Living Alongside Wildfires

By Rachel Colchete

The mountains near Salida, Colorado have never been a stranger to the occasional wildfire, but as the climate grows increasingly arid and people move closer to forest boundaries, these formerly inconsequential and easily-contained burns are becoming a threat to residents.

Hundreds were forced to evacuate during the recent Decker Fire, spanning 8,959 acres at the height of its burn. Jerry Mallett, who lives two miles from the wilderness of the Sangre de Cristo Mountains, is among the group of evacuees living in what local forest rangers call the “red zone.”

“Fire’s gonna be part of our lifestyle,” Mallet said while standing inside his picturesque mountain-side home, set against the backdrop of five spectacular 14ers. 

Though he is literally ‘playing with fire’ by choosing to stay where he is and refusing to clear the trees over his porch, Mallett is willing to take this risk because he loves the natural beauty and serenity of where he lives. 

”It’s a choice and a gamble,” he said.

Although residents were made aware of the fire in a meeting the day before, the firefighters had told them that the situation was not a cause for alarm and that the fire would be a controlled burn, Mallet’s neighbor Mike Rosso said.

Locals understand that wildfires are unpredictable and a sudden change of wind can reverse a situation entirely, but they were still caught off guard by the turn of events.

“It’s a shockat two o’clock in the morning they say ‘Your house is in danger,’” said Mallett.

Rosso also recalls how bewildered he was when Mallett knocked at his door at four in the morning and told him the news. Bleary-eyed and disoriented, the first thing he could think to say was “don’t let my cat out” before grabbing what he thought he would need for the next few days and heading downtown.

Federal officials are growing cognizant to the fact that the forests have gotten drier, though they are reluctant to link it to human-driven climate change.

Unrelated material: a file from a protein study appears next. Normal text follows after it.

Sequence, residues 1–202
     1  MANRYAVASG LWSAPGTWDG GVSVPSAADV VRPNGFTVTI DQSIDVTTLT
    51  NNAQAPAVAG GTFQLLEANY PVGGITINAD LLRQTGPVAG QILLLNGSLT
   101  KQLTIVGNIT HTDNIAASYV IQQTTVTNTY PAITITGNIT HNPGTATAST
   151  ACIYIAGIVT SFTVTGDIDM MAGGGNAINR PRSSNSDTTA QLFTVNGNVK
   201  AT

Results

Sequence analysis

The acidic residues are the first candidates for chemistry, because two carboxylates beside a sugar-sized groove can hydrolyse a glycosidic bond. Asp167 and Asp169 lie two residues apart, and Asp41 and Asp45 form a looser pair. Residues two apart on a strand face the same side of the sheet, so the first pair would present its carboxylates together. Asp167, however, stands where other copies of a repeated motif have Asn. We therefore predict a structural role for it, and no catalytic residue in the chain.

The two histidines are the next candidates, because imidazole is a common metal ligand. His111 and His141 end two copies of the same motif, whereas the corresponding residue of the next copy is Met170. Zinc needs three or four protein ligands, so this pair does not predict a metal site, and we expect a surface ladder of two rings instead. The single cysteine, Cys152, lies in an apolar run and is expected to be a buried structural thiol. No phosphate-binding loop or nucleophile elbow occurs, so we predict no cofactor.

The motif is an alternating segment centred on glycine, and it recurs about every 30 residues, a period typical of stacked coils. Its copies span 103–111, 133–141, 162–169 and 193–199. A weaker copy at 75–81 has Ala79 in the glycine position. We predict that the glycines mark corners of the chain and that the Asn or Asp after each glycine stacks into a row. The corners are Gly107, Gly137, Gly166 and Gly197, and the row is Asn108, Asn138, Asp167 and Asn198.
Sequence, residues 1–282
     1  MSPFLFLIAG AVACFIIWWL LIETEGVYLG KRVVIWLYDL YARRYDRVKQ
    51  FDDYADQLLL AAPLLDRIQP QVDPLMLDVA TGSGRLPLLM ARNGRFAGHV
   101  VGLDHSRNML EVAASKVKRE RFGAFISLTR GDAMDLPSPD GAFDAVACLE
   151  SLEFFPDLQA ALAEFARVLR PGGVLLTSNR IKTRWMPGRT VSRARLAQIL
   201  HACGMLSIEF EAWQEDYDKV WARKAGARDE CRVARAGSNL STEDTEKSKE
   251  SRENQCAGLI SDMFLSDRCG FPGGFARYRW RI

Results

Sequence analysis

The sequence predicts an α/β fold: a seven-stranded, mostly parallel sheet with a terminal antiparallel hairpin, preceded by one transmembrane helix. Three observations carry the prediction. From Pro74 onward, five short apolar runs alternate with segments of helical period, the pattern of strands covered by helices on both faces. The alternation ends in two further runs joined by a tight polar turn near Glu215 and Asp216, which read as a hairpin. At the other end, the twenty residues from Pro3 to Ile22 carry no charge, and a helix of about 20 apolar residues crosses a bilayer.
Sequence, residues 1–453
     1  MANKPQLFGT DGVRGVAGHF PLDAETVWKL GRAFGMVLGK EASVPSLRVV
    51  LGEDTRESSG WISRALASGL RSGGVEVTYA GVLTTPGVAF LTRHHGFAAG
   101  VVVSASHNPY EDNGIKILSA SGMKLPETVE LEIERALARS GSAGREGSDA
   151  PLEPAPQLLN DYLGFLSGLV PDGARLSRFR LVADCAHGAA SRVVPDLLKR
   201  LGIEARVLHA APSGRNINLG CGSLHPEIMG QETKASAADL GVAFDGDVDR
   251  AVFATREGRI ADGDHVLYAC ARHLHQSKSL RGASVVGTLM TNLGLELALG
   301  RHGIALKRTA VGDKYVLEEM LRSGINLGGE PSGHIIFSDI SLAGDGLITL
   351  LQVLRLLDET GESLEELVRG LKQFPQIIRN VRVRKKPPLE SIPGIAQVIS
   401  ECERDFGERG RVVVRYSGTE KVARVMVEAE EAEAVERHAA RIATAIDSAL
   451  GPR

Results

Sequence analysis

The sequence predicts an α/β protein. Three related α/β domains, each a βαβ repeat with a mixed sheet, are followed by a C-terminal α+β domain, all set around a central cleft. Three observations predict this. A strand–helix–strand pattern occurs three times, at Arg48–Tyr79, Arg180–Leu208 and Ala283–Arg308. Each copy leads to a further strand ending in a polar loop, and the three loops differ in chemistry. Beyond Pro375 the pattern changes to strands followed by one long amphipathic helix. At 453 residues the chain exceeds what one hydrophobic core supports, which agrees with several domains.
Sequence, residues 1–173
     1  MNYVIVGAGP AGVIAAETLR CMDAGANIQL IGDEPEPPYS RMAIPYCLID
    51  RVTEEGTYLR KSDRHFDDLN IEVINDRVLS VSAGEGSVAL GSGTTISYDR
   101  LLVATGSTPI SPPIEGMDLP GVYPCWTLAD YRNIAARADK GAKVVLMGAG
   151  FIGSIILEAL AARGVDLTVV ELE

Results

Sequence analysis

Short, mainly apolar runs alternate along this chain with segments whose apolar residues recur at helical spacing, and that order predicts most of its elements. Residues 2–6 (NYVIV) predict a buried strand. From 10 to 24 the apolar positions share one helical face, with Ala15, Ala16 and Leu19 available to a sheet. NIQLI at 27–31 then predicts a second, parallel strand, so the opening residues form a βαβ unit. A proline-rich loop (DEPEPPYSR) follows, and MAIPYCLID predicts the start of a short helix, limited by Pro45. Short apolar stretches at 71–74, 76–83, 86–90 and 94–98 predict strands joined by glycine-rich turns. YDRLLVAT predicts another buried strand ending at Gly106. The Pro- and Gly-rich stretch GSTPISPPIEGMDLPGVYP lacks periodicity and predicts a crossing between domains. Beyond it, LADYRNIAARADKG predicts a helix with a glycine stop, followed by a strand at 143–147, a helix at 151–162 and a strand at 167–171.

By just looking at the “sheer numbers of acres burned,” you can tell that there’s been an uptick in wildfires, said Incident Meteorologist for the National Weather Service Makoto Moore.

Helitack crew supervisor for the US Forest Service Tom Kenny also pointed out how the routine fall burns were put on hold because the forest fuel was too dry this year.

The changing climate is often being tied to beetle kill, which has escalated due to increasing temperatures and drought weakening trees, said Rosso.

As more people move into areas vulnerable to wildfires, authorities and residents alike worry about how they can keep themselves and newcomers safe.

Kenny described how “a lot of people didn’t know what was going on” when being evacuated because most of the area’s wildfires remain unnoticed, being efficiently contained in wilderness areas while still small. He stressed the importance of residents mitigating fires in their neighborhoods.

“Homeowners have to be responsible for their property,” Kenny said. 

To him, a perfect home is one that he and his team don’t have to worry about during a fire. “I’m putting my guys at risk to save that house,” he said.

But it’s not enough to just take care of your own house. Terry Krasko, a staff officer for the Forest Service and a burn boss, suggests that there needs to be community support and peer pressure among neighbors for mitigating fires to keep the entire neighborhood safe and prevent fires from spreading between houses.

“There are very basic things homeowners can do,” Krasko said. He advised people living in fire vulnerable areas to clean the dead leaves from their gutters, move woodpiles away from their house, and thin nearby trees and vegetation.

Even with the Decker Fire sparking a new awareness among residents regarding the seriousness of wildfires, Mallett is skeptical that this will last. Once there is another wet year that brings a lot of snow, he believes people will forget all about the issue.

“They will buck up and become complacent. It’s just human nature,” Mallett said.

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